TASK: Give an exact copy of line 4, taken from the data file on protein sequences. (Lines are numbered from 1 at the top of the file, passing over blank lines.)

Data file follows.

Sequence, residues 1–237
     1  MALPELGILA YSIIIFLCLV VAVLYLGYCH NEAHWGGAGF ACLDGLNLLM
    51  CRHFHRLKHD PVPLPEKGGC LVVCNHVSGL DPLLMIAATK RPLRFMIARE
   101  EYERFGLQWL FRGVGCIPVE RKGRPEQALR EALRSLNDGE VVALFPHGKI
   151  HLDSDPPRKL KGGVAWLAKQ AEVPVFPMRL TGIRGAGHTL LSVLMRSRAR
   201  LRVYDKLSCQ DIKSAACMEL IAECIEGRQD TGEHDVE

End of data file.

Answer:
   101  EYERFGLQWL FRGVGCIPVE RKGRPEQALR EALRSLNDGE VVALFPHGKI